This chart shows the number of conflicts in various regions of the world over time.
In Chapter 5, Mingst discusses two main categories of the power of states–tangible and intangible. Amongst the intangible sources of power are national image, public (whether domestic or international) support, and leadership. Based on this article in the Christian Science Monitor, the Democratic primary seems to have increased the level of tangible U.S. power.
Paris – Regardless of which Democrat pulls ahead as the candidates race toward Nevada and South Carolina, the rapid political rise of a Harvard-educated Illinois senator with a Kenyan father is bringing ripples and some tides of excitement in the near and far corners of a weary world.
It’s clear that the buzz around America’s first realistic black candidate has fed the imagination of many non-US observers, who see the controversial superpower as offering something different…
…”[Barack Obama is] what the rest of the world dreams America can be,” says JacquesMistral, a transatlantic specialist and director of economic studies at the French Institute for International Relations in Paris. “He looks like a Kennedy type, and that he’s black is very new. In Europe, the idea that a woman can win is accepted. But for a black person to win would represent a radical change – for the US, and the world.”
It is too early to say that “Obama-mania” is sweeping the planet, particularly after the junior senator’s second place showing in New Hampshire. The public in Europe and Asia have only recently focused on Mr. Obama, though in Africa he’s been news for some time.
But in a world where nearly every poll shows America’s image seriously dragging after the Iraq war onset, and scant interest in Republicans, Obama has made a significant splash, especially among the young…
…In Japan, where US elections are sometimes taken more seriously than the election of the Japanese prime minister, the rise of Obama is as intriguing a subject as the romance between French President Nicolas Sarkozy and the Italian singer Carla Bruni.
“Obama-san is great,” says Azusa Shiraishi, a sophomore at Seinan Gakuin University in Fukuoka. She compares Obama with the Rev. Martin Luther King Jr. and thinks “he could bring different perspectives of the US to us as well as American people. That would be great.”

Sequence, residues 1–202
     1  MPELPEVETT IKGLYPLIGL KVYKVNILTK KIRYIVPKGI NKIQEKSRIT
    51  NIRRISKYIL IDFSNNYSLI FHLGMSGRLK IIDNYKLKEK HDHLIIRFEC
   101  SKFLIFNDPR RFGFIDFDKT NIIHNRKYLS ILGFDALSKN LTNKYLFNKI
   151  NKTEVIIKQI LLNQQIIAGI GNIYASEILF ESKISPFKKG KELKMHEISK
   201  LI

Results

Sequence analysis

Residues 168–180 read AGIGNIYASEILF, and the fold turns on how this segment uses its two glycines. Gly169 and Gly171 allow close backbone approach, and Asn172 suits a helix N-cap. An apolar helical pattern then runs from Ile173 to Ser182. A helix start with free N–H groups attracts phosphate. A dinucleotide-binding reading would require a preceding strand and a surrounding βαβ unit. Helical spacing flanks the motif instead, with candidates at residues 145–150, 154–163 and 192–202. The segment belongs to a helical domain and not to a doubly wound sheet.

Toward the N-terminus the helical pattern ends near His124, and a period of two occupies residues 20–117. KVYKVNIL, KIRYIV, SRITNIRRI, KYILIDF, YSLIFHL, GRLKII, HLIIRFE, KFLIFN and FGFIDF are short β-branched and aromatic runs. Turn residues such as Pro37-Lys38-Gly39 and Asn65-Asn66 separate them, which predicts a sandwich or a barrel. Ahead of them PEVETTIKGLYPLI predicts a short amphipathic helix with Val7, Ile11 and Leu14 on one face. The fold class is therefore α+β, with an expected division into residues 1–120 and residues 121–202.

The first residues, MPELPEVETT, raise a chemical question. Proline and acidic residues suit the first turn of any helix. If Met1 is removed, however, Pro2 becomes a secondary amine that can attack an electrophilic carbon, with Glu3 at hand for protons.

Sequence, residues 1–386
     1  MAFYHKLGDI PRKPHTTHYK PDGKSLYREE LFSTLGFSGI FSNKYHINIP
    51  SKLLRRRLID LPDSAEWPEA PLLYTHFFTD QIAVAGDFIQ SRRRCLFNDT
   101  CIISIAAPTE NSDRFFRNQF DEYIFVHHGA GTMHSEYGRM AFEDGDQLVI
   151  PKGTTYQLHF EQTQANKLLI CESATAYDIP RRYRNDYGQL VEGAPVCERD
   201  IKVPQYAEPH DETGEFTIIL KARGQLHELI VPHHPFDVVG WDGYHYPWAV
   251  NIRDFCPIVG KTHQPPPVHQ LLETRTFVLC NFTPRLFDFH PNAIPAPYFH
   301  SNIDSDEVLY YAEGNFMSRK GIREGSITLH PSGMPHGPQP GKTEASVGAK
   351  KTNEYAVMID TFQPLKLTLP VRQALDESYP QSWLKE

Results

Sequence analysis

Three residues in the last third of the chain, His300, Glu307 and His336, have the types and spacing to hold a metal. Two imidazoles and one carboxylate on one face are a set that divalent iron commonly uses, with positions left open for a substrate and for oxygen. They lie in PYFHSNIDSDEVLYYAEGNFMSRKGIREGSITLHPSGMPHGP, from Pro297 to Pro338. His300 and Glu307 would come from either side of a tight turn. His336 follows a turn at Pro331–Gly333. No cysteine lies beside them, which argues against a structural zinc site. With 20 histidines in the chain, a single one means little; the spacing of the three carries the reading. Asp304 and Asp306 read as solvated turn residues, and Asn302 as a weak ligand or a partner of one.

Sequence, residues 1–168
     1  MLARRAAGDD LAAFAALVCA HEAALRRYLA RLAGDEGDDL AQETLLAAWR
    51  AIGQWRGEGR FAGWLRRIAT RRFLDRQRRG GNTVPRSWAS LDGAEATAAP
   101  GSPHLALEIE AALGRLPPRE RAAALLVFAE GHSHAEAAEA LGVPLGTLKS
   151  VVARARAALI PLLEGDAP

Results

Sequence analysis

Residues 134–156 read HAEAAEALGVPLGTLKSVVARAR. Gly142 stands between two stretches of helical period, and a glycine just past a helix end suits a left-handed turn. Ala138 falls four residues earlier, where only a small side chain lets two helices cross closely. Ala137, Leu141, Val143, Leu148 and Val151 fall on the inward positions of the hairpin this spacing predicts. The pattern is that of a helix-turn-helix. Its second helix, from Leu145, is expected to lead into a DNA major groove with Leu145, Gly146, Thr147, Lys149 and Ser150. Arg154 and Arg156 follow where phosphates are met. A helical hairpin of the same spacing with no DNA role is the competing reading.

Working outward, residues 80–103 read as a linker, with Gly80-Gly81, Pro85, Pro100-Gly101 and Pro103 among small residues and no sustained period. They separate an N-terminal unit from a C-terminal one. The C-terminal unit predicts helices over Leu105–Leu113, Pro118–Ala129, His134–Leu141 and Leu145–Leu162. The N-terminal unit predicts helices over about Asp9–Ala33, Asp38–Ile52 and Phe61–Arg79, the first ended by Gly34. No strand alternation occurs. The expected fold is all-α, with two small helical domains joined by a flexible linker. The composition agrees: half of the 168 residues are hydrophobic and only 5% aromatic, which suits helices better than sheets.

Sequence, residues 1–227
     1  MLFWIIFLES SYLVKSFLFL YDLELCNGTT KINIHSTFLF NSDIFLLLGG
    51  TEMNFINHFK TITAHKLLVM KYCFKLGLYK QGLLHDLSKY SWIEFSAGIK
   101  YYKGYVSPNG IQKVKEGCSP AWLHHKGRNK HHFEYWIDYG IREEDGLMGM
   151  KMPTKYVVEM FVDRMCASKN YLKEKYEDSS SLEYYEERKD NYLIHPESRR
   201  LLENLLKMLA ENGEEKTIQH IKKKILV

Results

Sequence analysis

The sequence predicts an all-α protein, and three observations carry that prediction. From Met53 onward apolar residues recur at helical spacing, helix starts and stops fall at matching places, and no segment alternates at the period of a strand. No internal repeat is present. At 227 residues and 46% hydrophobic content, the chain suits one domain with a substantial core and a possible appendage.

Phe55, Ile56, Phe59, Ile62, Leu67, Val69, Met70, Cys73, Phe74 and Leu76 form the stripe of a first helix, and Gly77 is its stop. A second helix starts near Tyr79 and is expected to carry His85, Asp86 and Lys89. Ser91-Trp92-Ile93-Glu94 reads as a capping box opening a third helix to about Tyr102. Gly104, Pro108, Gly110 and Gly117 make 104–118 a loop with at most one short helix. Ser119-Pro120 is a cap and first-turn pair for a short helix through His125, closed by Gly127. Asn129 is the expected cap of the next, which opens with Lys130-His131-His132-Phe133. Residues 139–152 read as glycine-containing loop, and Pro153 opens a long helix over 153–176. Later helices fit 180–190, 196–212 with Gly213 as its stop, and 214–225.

As we discussed in PLSC250, Woodrow Wilson set out an idealistic vision of the post-WWI world in his famous “Fourteen Points” address to Congress in 1918. As we all know, the vision was almost immediately undermined and finally turn asunder when Nazi Germany showed the rest of Europe–and the world–that military and economic power would triumph over cooperation and peace. Barbara J. Keys has written a compelling monograph on a little-researched aspect of that era–the role of sport in international politics. Of course, many are familiar with Hitler’s use of the Berlin Olympics in 1936 as a propaganda tool, but that is but one event. In Globalizing Sport: National Rivalry and International Community in the 1930s, Keys demonstrates “how sports revealed international contact zones as well as distinctive qualities of nationhood.”* Here is a lengthy excerpt from Thomas Zeiler’s introduction to a roundtable at H-Diplo on the Keys’ book:
“I see great things in baseball.” Although we cannot confirm that poet Walt Whitman actually authored this famous quote back in the 1840s, we do know that he later believed the sport to be a shaper of American character that reflected the country’s democratic institutions, striving disposition, and rising geo-political and economic greatness. In the
middle of the next century, intellectual historian Jacques Barzun also viewed the sport as a mirror of national traits. In God’s Country and Mine: A Declaration of Love Spiced with a Few Harsh Words (1954), he offered the oft-quoted words, “Whoever wants to know the heart and mind of America had better learn baseball.” A half century after this publication, we come to Barbara Keys’ masterful work on how sports revealed international contact zones as well as distinctive qualities of nationhood. Arriving in the age of globalization, her study properlysituates sports as a transnational movement amidst and between the national of Whitman and Barzun and the vast global arena.
Of course, as readers will discover, Keys’ focus is not on baseball, but she does examine the primary influence of nationalism on sporting events, particularly the Olympics movement and also other aspects such as athleticism and soccer. Among many others, the main contribution of this book to the literature on diplomacy, sports, and culture regards Keys’ analysis of the tension between the manipulation of sports as an expression of national identity and sports’ position as a transnational carrier of culture abroad.
*From Zeiler’s introduction to the roundtable in H-Diplo.